PADUCAH — Athletes are working hard to bring home the gold at the Tokyo Olympics.
It is a lot of pressure on athletes, which is something they are not always vocal about.
American gymnast Simone Biles stepped away from the Olympics this week because of mental health concerns.
Four Rivers Behavioral Health Clinical Practitioner Emily Henderson said Biles made the right call.
"It's not something that a lot of people at that level talk about, and it needs to be normalized. People need a break, whether they're in elementary school just learning a sport, whether you're an Olympian," said Henderson. "Sometimes it's a lot. It's too much, and you need to be able to recognize when I need to take a step back and do some self-care, focus on myself for a little bit."
It’s a place people of all ages can learn discipline, leadership and how to take care of their mental health, something that is not always discussed.
"Unfortunately as a child you're taught to talk about your strengths and weaknesses, but as you get older, I think that we learn to kind of hide our weaknesses a little bit, and we're told don't let people see weakness. I think there's a lot of positive out of sharing that," said Byrom.
Henderson said you need to put yourself first.
"One big thing is just kind of identifying: Where is this anxiety coming from? What is the problem here? Taking a break if you need it, having someone for support, someone who knows your cues – your parent, your coach," said Byrom.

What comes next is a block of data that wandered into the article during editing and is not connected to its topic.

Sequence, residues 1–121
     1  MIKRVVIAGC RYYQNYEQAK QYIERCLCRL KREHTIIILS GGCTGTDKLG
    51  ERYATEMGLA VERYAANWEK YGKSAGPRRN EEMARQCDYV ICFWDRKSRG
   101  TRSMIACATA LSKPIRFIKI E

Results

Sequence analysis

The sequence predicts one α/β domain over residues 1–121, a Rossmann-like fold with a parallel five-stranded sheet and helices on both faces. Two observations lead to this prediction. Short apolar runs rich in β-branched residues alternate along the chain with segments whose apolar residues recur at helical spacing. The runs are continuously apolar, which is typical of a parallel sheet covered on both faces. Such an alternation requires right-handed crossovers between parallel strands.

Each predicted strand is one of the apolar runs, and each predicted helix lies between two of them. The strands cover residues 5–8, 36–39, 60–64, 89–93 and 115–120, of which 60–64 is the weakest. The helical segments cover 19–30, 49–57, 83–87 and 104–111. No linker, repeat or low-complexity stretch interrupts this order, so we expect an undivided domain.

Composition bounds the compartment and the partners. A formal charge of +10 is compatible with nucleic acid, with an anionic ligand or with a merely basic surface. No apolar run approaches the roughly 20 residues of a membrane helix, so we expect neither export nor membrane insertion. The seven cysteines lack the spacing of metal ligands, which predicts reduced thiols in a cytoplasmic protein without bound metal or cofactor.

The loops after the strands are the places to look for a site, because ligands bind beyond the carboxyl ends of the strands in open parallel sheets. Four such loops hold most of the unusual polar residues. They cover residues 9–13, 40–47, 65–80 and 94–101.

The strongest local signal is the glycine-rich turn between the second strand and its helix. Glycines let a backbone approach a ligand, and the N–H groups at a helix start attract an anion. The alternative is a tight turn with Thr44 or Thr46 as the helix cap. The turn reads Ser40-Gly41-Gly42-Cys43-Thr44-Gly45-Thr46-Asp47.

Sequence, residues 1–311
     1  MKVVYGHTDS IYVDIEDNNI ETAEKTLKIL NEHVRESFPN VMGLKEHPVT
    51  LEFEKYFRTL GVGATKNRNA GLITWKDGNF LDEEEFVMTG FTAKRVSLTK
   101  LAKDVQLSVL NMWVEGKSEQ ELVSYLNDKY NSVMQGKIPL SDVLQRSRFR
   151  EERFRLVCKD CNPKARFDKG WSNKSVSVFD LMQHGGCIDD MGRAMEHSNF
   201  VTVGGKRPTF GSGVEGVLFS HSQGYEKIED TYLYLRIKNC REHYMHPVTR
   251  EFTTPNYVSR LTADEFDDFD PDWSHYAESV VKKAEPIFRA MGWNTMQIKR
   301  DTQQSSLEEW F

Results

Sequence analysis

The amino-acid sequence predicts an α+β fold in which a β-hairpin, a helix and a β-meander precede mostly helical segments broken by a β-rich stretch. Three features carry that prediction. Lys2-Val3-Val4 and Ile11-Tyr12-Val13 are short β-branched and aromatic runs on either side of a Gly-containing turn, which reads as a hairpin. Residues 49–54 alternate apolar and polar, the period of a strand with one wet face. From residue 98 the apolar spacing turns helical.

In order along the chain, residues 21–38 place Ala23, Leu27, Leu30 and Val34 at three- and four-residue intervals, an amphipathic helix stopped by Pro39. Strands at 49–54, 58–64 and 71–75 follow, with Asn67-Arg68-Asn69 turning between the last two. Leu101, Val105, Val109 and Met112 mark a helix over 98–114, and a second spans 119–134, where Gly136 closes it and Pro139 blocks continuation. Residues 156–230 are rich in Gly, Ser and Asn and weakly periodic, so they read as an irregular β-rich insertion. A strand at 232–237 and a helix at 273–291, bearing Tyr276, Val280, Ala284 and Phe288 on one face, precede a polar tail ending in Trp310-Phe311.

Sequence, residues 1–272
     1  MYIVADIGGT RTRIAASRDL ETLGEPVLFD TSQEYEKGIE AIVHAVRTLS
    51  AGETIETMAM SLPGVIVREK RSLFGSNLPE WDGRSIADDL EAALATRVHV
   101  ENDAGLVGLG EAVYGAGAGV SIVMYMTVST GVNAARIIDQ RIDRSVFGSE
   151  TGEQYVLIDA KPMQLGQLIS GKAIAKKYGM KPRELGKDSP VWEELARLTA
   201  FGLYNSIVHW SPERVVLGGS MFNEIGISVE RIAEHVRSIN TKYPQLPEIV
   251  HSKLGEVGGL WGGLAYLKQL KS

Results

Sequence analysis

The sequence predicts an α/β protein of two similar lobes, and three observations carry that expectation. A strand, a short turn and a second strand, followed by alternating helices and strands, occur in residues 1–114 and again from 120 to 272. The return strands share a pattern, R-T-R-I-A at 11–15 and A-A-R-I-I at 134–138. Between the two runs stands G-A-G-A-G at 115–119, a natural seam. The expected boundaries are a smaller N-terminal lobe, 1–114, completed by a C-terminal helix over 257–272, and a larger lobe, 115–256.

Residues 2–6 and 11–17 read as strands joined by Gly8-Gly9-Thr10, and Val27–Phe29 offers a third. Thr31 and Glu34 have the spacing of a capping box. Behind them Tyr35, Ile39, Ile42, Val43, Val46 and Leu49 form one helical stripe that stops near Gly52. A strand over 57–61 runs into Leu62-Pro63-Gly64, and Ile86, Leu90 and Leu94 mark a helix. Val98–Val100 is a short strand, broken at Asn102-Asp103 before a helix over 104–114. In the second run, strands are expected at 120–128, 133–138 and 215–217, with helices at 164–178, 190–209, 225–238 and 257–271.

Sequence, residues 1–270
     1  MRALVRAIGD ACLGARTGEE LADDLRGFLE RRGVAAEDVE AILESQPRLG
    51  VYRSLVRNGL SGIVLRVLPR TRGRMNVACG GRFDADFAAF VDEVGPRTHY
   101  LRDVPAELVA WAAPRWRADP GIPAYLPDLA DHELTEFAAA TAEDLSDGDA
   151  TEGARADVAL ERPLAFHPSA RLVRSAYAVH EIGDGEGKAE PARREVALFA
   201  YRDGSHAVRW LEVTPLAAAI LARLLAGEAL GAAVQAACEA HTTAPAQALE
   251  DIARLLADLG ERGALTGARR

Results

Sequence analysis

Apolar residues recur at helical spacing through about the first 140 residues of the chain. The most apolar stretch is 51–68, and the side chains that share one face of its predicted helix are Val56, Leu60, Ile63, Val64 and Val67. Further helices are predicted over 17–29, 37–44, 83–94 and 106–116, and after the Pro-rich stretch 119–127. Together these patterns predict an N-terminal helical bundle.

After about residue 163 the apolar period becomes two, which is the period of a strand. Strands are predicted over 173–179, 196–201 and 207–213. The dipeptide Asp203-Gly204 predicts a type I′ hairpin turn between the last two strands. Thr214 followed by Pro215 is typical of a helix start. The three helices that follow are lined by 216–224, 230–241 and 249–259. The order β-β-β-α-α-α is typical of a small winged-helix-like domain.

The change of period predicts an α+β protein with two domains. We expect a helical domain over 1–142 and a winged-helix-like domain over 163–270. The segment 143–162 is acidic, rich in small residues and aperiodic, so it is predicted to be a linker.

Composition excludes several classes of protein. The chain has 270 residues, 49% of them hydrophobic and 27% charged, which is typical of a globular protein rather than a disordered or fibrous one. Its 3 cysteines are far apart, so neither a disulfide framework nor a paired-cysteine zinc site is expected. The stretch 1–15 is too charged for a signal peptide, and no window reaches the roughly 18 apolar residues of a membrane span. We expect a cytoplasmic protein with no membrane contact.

Sometimes parents and coaches are the stressors. Parent Corina Klepeis is supporting her daughter Sofia in her martial arts class.
Klepeis said do not teach them to quit, but at the same time, listen.
"My daughter was in dance class, and she took it for a little while, saying that was not it, and she wanted to try this. And she still enjoys this, so I would say go with what your kid is asking you," Klepeis said.
"You got to know your student or your child enough to get personal decision making. There's no general rule," said Byrom.
Byrom said parents should not let their children quit.
"Well, they're a child. That's the reason why they are a child. You do need to help and coach them, but if they really feel like there's an emotional, physical situation, if they're talking about not liking life anymore, you know what I mean. There are indicators," said Byrom.
Byrom said it is good to see pro-athletes and Olympians speaking out about mental health. It allows people to relate to them, showing others that it is okay.
Byrom reminds everyone to focus on being their best self.